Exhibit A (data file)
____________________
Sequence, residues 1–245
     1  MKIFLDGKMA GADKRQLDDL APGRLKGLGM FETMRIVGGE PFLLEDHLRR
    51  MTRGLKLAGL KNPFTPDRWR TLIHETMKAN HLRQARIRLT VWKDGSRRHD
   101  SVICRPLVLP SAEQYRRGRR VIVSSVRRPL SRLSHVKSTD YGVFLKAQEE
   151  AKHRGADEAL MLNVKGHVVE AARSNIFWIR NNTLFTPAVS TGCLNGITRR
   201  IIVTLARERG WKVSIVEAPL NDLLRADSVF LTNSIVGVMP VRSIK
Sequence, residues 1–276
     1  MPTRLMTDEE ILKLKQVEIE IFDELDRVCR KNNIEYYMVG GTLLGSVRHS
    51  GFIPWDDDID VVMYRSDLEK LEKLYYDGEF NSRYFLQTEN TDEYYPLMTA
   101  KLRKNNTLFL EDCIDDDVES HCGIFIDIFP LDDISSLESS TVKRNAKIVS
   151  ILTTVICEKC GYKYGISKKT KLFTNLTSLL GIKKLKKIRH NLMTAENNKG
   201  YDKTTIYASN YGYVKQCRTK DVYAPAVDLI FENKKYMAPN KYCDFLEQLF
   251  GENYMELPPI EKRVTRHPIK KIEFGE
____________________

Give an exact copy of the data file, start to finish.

Sequence, residues 1–245
     1  MKIFLDGKMA GADKRQLDDL APGRLKGLGM FETMRIVGGE PFLLEDHLRR
    51  MTRGLKLAGL KNPFTPDRWR TLIHETMKAN HLRQARIRLT VWKDGSRRHD
   101  SVICRPLVLP SAEQYRRGRR VIVSSVRRPL SRLSHVKSTD YGVFLKAQEE
   151  AKHRGADEAL MLNVKGHVVE AARSNIFWIR NNTLFTPAVS TGCLNGITRR
   201  IIVTLARERG WKVSIVEAPL NDLLRADSVF LTNSIVGVMP VRSIK
Sequence, residues 1–276
     1  MPTRLMTDEE ILKLKQVEIE IFDELDRVCR KNNIEYYMVG GTLLGSVRHS
    51  GFIPWDDDID VVMYRSDLEK LEKLYYDGEF NSRYFLQTEN TDEYYPLMTA
   101  KLRKNNTLFL EDCIDDDVES HCGIFIDIFP LDDISSLESS TVKRNAKIVS
   151  ILTTVICEKC GYKYGISKKT KLFTNLTSLL GIKKLKKIRH NLMTAENNKG
   201  YDKTTIYASN YGYVKQCRTK DVYAPAVDLI FENKKYMAPN KYCDFLEQLF
   251  GENYMELPPI EKRVTRHPIK KIEFGE